Review: Dakota Child, Governor’s Daughter by Bruce A. Kohn

Guest Post by Lois Glewwe

DakotaChildcover

Dakota Child, Governor’s Daughter: The Life of Helen Hastings Sibley, by Bruce A. Kohn, Friends of the Sibley House Historic Site, Mendota, MN, 2012

Helen Hastings Sibley was one of the most enigmatic characters in early Minnesota. Born on August 28, 1841, to a daughter of Dakota Chief Bad Hail, she was to spend the majority of her life as a privileged member of Saint Paul, Minnesota’s rising middle class. This transformation was only possible because of the man who was her father – Henry Hastings Sibley, Minnesota’s first State Governor.

Bruce A. Kohn devoted more than two decades of research to learning everything possible about Helen, whose name in Dakota was Wah-ki-ye, or The Bird. He tells her story in a readable, narrative style, adding imagination to his documentation: a wide variety of source documents. Perhaps most interesting to historians is Kohn’s interpretation and discussion of Henry Sibley’s relationship with his Dakota daughter as found in an impressive collection of sources.

Helen was born when Sibley was a 30-year-old, single entrepreneur who managed the trading post in the village of Mendota on the Minnesota River opposite Fort Snelling. His relationship with Helen’s mother, Red Blanket Woman (whom Kohn identifies as Tashinahohindoway in Dakota) apparently resulted in only one child and did not continue after Helen’s birth. Kohn cites several sources, however, which indicated that Sibley kept track of her and Helen even after his marriage to Sarah Steele on May 2, 1843.

By bringing together this rich collection of sources, Kohn allows the reader to come to a fuller appreciation and understanding of the lives of the children that were born to Dakota mothers and white fathers in the earliest years of Minnesota. While some of those children remained with the Dakota all of their lives, many, like Helen, were taken away from their mothers in childhood and sent to live with white families and to attend white schools. In Helen’s case, Sibley took her away from her mother when she was about six years old and paid William Reynolds Brown and his wife Martha to provide her with a white home and white education.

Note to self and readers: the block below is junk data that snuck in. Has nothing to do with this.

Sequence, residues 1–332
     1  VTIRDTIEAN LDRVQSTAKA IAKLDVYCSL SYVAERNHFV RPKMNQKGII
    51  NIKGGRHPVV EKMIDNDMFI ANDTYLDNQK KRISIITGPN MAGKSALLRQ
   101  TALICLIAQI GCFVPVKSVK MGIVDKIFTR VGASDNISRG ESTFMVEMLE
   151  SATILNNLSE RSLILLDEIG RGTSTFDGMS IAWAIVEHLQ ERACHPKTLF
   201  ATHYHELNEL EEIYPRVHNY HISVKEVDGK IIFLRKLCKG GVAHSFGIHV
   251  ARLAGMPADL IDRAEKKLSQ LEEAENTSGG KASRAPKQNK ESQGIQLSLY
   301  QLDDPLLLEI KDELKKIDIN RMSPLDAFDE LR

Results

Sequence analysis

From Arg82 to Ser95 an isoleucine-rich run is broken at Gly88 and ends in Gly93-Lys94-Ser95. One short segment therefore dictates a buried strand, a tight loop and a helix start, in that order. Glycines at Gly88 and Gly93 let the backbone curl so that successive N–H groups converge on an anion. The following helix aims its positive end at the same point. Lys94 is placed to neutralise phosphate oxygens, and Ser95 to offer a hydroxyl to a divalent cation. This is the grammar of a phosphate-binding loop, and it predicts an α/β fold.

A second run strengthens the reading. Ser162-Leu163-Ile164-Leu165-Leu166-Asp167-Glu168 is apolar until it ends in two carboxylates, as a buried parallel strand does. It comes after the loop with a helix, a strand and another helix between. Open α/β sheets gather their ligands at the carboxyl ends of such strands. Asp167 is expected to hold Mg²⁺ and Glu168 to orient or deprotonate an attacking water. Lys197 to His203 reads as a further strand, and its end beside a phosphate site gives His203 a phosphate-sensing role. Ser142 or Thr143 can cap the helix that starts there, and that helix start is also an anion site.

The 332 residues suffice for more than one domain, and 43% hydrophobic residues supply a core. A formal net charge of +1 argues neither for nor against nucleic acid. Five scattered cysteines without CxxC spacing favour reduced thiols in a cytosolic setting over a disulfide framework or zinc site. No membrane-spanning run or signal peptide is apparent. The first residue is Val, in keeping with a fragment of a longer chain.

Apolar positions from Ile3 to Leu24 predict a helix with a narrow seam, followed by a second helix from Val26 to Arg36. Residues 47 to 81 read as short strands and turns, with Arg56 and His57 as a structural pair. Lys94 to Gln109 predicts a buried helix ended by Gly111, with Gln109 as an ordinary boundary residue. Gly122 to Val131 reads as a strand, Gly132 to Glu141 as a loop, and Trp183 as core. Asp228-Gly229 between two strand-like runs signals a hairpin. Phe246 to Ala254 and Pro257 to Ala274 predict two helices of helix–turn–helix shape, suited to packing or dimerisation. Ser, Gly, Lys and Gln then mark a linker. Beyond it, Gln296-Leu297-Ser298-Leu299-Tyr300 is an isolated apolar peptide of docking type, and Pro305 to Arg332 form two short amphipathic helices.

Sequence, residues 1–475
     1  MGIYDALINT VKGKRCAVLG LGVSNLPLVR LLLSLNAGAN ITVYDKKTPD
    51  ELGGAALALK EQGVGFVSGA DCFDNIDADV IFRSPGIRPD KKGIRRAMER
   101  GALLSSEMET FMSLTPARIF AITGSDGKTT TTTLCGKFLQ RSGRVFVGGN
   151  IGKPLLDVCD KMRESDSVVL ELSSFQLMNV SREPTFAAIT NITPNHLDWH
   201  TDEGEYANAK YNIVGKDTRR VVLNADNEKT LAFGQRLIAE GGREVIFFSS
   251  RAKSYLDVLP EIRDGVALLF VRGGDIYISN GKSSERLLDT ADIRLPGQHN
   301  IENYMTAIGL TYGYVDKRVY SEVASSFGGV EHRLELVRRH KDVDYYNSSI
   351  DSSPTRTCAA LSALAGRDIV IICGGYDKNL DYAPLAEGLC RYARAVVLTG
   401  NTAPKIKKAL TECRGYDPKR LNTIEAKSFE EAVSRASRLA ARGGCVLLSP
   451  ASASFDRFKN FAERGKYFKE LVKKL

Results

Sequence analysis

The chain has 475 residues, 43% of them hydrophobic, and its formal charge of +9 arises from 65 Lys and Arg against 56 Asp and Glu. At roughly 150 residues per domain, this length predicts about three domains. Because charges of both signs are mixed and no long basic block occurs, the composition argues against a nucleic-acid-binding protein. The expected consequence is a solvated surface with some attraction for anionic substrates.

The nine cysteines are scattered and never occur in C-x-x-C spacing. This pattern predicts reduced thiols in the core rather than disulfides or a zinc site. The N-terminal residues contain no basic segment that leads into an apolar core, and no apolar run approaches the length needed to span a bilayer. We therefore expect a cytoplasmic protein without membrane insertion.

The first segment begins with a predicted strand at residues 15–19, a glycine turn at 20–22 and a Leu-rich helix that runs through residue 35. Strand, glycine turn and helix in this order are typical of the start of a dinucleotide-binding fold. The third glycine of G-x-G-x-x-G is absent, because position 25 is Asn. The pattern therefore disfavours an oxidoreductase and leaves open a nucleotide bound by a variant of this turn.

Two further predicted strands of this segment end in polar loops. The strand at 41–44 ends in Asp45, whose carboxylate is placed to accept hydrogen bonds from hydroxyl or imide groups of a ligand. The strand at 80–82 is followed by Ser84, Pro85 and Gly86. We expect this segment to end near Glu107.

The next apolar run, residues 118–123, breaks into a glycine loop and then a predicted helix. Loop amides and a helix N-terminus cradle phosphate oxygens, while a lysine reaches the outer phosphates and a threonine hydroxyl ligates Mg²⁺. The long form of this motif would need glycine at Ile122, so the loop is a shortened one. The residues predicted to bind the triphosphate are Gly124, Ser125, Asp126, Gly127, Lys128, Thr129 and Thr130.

Kohn provides fascinating detail of what Sibley paid for her room and board and offers a list of prices of clothing, shoes and even a melodeon that he bought for Helen over the years. He also provides records of payments to Dr. Thomas Williamson for medical services he provided for Helen, including setting a broken arm.

Despite the evidence of Sibley’s involvement in Helen’s life, he never acknowledged her as his daughter in writing, omitting his name from her baptism certificate and from the scrip claims which he filed on her behalf.

Helen’s story does not have a happy ending. She married a physician, Sylvester Sawyer, on November 3, 1859, and moved to Wisconsin, where they established a modest home and medical practice.  Their first and only child, Helen Mary Sawyer, was born on September 4, 1860, but neither Helen nor the baby survived. Helen was just nineteen years old when she died of scarlet fever on September 6, 1860. Baby Helen died six days later.

Bruce Kohn has made a worthwhile contribution to the story of Minnesota in this highly enjoyable work. The only thing I wished for was some indication of what he may have learned along his journey about the rumors that Sibley had other children with Dakota women. Perhaps he’s leaving that for another volume.

Dakota Child, Governor’s Daughter is available by mail order at http://www.sibley-friends.org/store/ for $14.95 plus Shipping and Handling.

Historian and author Lois Glewwe blogs at Dakotasoulsisters.com.

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